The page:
National consolidating savings

6854933580_2c8b688306_z

Most cards charge balance transfer fees and require good credit scores and high incomes to qualify.To improve your chances of getting one, add up all potential sources of income — including money in your savings account and 401(k) — and list that total on your application, not just your salary, Tydlaska says. These tactics may help, but financial experts say paying off debt requires a more comprehensive plan.Consolidation works best for high-interest-rate debts such as credit cards.Consolidating your debt is only the start of a long process. “In order for consolidation to work well, there has to be a clear plan of attack,” Isaac says.A basic budget allocates money for debt payments, an emergency fund and contributions to retirement savings, but that isn’t enough when consolidating, says Lara Lamb, a certified financial planner at California firm Abacus Wealth Partners.Successful budgeters avoid adding debt by accounting for infrequent expenses, such as car registration fees, as well as times of the year when expenses run high, like the holidays, Lamb says. “People will go on a spending ‘diet’ and then feel like they’ve restrained themselves for so long that they go out and splurge,” Lamb says.“A realistic budget gives you enough to spend on things you value and you love.” A cardinal rule of consolidation is not using your credit cards as you pay off debt.

Locking away cards doesn’t mean closing accounts, which could hurt your credit.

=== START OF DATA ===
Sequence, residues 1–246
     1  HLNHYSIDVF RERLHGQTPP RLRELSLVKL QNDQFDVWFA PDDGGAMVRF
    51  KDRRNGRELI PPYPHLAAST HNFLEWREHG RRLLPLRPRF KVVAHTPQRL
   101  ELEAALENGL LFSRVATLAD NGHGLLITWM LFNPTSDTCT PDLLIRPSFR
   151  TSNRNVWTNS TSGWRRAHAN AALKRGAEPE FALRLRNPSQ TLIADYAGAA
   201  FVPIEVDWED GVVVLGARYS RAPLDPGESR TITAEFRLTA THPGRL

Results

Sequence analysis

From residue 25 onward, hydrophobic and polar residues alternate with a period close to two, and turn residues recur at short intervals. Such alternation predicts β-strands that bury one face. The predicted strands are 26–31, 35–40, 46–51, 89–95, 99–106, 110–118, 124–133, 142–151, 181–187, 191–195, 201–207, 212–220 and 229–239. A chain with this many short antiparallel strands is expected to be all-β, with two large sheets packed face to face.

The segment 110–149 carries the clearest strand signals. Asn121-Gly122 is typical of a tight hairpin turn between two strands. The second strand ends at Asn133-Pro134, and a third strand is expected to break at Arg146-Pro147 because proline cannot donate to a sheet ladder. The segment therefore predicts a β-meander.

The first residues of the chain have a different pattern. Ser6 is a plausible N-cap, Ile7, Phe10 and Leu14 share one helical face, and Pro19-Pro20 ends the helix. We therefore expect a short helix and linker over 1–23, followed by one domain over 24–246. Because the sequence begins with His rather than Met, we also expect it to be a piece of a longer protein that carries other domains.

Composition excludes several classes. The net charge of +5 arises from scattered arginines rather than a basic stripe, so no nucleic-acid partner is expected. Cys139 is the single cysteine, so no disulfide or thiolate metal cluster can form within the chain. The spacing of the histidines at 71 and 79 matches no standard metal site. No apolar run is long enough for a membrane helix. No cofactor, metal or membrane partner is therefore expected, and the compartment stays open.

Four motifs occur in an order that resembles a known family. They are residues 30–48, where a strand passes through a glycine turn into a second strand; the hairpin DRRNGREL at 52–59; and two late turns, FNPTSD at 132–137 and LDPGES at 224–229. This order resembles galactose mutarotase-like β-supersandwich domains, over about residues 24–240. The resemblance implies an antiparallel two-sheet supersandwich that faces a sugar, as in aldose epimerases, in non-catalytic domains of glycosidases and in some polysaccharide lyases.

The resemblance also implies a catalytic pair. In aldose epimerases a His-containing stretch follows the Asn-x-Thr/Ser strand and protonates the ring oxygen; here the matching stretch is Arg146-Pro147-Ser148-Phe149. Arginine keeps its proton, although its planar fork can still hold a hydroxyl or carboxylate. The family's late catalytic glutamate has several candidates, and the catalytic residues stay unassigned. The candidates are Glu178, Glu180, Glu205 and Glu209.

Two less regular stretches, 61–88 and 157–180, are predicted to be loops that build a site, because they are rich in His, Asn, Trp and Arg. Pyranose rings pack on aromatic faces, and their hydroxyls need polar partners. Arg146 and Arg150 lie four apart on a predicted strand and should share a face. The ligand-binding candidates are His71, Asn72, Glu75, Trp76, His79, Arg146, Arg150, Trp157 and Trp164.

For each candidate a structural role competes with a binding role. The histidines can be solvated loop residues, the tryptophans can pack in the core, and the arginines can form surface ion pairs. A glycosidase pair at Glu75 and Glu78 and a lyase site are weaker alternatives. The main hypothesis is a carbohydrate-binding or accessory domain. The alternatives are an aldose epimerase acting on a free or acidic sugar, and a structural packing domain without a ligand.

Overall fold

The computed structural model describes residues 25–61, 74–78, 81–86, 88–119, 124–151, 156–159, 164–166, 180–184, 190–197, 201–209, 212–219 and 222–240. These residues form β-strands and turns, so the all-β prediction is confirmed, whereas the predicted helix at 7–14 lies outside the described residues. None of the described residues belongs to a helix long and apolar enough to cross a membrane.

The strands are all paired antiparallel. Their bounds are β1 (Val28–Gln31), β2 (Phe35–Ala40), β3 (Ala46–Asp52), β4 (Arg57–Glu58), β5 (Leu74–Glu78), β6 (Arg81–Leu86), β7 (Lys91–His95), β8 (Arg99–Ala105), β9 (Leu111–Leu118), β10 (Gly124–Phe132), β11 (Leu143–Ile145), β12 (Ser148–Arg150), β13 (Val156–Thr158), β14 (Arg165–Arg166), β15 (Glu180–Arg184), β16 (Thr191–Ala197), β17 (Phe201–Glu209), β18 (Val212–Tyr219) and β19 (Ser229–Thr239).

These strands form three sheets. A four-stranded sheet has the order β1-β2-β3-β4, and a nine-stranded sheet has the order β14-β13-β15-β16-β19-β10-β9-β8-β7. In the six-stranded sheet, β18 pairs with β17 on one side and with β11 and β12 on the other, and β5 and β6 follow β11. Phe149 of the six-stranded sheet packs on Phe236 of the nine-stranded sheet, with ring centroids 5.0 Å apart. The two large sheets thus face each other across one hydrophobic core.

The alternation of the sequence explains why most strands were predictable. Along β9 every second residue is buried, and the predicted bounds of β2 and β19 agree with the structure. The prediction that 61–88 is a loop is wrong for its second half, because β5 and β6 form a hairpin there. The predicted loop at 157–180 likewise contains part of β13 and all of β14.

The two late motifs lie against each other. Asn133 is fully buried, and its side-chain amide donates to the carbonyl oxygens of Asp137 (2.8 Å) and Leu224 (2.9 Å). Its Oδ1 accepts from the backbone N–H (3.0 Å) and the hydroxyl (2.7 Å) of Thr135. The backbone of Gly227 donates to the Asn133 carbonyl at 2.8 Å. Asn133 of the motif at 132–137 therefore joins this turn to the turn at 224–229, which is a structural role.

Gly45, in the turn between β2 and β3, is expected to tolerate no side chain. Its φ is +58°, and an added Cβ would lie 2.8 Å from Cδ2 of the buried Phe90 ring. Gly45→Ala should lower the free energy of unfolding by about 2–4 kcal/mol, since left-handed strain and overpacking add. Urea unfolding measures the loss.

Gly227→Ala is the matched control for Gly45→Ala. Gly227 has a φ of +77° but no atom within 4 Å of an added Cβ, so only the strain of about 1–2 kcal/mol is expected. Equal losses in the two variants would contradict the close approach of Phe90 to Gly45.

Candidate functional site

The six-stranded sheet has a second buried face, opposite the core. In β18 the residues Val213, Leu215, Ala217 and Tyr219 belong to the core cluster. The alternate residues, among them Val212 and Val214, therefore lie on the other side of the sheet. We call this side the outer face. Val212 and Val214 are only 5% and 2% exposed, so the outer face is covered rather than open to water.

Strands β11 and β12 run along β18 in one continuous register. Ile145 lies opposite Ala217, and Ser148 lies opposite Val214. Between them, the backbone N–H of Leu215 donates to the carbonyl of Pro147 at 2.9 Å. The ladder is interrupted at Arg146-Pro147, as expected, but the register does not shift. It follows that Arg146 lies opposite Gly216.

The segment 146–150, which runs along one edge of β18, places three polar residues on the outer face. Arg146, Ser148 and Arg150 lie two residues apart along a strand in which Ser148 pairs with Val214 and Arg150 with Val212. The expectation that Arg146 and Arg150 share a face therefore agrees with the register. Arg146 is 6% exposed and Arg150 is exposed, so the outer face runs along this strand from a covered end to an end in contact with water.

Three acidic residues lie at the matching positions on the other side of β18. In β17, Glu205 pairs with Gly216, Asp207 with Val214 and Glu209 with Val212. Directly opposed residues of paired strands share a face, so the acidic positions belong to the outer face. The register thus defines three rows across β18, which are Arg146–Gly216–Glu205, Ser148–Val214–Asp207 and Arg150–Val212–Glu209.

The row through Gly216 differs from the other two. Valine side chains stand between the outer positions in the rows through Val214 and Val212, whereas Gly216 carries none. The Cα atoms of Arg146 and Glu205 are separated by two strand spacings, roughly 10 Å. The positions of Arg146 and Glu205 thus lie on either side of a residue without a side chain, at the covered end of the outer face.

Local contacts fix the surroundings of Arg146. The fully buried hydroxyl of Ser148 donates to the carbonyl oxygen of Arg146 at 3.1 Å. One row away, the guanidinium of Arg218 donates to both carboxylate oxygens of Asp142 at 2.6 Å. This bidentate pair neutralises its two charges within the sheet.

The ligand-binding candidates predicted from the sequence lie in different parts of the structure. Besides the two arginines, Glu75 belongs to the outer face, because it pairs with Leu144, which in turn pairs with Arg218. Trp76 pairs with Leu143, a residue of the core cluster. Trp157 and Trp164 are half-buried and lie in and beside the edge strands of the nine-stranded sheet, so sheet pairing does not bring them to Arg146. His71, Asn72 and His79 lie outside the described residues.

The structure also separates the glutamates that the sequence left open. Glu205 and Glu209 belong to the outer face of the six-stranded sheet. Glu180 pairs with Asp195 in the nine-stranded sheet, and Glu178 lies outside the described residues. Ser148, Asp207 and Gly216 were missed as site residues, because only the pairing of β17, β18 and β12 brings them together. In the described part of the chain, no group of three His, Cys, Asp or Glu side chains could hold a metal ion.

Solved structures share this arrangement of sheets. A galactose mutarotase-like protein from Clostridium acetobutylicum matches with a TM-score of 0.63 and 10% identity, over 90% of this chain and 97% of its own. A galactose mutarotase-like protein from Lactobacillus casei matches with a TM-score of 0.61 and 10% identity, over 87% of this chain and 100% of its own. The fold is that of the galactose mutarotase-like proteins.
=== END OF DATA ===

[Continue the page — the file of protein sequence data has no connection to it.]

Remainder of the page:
There are several reasons for this: empirical studies of consolidation employ different analytical approaches to data; older data in some studies yield results that may not be representative of current district conditions; studies do not uniformly separate costs related to merging only a narrow range of district services from costs related to merging entire districts or combining schools; different studies focus on different costs or estimate costs in different ways; and much of the literature consists of advocacy.

However, while the literature on consolidation may not provide a direct road map for making decisions, it does provide a useful overview of issues, together with estimates of cost savings and cautions for those going forward with consolidation.

The one exception to the no-use rule is a nominal charge on your card every few months — paid on time and in full — to keep the account active and your credit intact, says Shawn Tydlaska, a certified financial planner at California firm Ballast Point Financial Planning.

Balance transfer cards let you shift over debts from other cards and charge no interest for a limited time — the best ones offer from 15 to 21 months — after which a double-digit interest rate kicks in.

The content of the response does not necessarily reflect the views or policies of IES or the U. Department of Education nor does mention of trade names, commercial products, or organizations imply endorsement by the U.

You must have an account to comment. Please register or login here!